Twinsburg police say goodbye to K-9 Yasso
TWINSBURG — The police department is mourning the death of one of its four-legged own following the death of retired police K-9 Yasso on Sept. 24.
Yasso had been living with his handler, Officer Yamil Encarnacion.
“Very sad to see his passing,” said Assistant Police Chief Bob Gonsiewski. “He came in [Sept. 24] and we all got to say goodbye to him, so that was very nice Yamil brought him in.”
The department announced Yasso’s death at age 12 on its Facebook page the day he died.
“He has left our earthly world for a much better place … Our thoughts our with Yamil and his family,” said the post.
Gonsiewski said Yasso was euthanized because he was having trouble walking due to hip problems, a common issue for German shepherds, especially as they age.
“Having been a former K-9 handler myself, I know how rough that is,” he said. “When a dog you’ve worked with all these years has to be put down, it’s one of the most difficult things to do.”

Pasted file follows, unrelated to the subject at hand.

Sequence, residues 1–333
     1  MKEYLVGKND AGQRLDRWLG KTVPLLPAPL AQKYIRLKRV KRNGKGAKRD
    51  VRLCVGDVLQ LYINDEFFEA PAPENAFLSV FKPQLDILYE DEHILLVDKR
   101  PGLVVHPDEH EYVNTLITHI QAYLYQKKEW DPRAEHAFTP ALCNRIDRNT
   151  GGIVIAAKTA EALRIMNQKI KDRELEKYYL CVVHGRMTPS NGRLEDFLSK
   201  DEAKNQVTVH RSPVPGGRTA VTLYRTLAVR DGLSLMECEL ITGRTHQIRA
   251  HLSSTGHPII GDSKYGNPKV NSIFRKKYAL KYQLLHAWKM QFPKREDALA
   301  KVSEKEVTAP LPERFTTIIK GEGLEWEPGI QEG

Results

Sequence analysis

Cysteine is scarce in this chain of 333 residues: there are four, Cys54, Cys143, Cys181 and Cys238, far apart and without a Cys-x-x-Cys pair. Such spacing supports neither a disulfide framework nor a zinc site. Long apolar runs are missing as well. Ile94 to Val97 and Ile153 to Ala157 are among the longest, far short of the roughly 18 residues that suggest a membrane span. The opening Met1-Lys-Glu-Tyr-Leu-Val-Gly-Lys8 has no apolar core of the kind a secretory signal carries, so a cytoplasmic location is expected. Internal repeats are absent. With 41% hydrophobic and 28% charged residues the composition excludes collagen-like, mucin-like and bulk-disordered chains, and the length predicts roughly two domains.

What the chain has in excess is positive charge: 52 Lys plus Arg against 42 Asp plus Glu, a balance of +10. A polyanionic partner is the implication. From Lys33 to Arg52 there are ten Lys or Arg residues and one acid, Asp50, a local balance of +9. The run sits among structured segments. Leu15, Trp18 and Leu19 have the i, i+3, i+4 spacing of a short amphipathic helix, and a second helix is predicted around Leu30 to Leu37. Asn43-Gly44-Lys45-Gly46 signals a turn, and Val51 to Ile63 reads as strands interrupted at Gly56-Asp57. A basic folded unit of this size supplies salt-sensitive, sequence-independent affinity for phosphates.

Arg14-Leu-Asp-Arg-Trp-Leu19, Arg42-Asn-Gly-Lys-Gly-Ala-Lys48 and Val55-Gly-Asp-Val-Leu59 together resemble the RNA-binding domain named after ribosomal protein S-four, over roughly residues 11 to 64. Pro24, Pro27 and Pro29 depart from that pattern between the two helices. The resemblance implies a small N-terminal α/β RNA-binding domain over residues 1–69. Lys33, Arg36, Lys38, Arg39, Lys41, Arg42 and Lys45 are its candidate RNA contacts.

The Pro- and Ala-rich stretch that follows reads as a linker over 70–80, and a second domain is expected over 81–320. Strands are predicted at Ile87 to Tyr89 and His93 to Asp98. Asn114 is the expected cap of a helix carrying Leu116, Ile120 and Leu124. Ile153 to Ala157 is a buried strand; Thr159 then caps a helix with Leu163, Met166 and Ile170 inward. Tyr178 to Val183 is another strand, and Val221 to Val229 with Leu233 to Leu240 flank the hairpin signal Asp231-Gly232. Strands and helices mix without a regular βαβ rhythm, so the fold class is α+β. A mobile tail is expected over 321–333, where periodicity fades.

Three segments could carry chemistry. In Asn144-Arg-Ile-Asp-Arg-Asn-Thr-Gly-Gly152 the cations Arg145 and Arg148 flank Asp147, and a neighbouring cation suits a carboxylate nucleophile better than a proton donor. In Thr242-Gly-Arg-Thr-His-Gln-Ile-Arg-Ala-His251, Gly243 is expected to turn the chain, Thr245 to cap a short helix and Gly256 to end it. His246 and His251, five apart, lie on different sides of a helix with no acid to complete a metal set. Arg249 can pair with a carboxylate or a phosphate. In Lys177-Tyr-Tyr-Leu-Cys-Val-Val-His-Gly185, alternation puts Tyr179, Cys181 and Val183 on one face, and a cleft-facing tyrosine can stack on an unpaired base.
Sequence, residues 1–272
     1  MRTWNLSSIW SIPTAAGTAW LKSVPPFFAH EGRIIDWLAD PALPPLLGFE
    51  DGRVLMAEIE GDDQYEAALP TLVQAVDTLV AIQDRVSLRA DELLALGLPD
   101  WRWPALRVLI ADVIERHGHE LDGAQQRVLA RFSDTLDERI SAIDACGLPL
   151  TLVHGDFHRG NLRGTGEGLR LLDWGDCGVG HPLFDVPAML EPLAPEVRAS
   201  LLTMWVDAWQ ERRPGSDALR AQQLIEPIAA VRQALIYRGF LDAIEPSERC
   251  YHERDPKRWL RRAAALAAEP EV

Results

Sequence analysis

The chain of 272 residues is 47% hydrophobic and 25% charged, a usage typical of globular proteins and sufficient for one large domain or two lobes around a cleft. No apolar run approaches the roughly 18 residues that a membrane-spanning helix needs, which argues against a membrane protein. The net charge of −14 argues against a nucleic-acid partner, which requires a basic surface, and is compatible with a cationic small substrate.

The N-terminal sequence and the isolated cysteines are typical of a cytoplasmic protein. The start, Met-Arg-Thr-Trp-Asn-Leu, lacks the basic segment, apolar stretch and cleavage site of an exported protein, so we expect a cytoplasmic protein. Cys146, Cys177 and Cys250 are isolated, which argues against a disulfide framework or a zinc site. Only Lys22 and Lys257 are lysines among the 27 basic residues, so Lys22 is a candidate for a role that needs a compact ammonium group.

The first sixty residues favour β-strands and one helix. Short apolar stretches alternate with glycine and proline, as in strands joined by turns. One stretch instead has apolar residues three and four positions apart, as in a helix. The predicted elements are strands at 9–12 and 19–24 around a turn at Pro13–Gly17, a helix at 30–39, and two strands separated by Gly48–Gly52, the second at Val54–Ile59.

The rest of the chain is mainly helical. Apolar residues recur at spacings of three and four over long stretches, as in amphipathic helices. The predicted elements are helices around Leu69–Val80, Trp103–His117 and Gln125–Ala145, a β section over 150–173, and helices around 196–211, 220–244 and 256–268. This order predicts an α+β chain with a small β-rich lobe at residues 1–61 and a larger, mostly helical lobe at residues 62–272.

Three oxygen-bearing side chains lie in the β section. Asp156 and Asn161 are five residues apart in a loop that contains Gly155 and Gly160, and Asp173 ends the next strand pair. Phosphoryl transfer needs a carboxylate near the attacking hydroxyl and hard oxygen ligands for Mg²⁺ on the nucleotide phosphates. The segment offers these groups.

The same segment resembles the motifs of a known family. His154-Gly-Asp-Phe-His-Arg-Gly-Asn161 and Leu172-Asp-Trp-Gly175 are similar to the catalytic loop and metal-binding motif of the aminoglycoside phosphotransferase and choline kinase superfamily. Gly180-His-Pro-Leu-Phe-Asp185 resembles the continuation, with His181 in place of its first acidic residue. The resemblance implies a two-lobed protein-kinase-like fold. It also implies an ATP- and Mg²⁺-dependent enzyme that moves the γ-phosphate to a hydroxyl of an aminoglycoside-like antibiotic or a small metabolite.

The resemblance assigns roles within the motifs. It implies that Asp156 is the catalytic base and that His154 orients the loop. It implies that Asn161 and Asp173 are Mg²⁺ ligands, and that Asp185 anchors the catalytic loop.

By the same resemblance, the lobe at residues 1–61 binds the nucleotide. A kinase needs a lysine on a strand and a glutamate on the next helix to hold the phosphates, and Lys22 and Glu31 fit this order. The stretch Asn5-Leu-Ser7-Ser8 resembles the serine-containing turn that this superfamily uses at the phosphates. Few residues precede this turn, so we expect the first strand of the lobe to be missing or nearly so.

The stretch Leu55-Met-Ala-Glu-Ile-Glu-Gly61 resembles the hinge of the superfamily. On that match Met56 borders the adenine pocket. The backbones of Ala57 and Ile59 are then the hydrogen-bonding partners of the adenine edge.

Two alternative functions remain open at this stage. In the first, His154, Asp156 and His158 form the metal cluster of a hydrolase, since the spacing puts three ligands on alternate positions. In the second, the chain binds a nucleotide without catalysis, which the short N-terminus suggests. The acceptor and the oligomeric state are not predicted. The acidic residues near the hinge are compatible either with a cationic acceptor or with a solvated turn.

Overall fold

Yasso retired in October 2017 after eight years on the job. He had been limited to drug work during his final few months.
“Eight years is longer than most police dogs serve,” Gonsiewski said at the time. “The average work life is about six years.”
Police K-9’s live with their handlers and under a state law, Encarnacion was able to purchase Yasso from the city for $1 when Yasso retired. Yasso’s position was taken by K-9 Caesar, now 5, who is still on the job.
Caesar is Encarnacion’s second dog and lives with him as well.
“We’ve been able to assist in calls ranging from locating narcotics to locating a missing person or tracking an individual,” Encarnacion said of his partnership with Yasso in 2017. “The presence of Yasso has added to a level of safety and peace of mind for officers. But most gratifying is the positive interaction and hopefully positive impact we’ve had with everyone at National Night Out, open houses and during school visits.”
Yasso was the city’s fourth police K-9 since it started the program in 1996. Gonsiewski was the department’s first K-9 handler.
“The bond [between handler and dog] is greater than one can put into words,” said Encarnacion in 2017.
“Bless you dear K9 Yasso! Rest In Peace,” says another comment left on the police department’s Facebook page.
Editor’s note: Correspondent Ken Lahmers contributed to this story.
Reporter Jeff Saunders can be reached at firstname.lastname@example.org or @JeffSaunders_RP.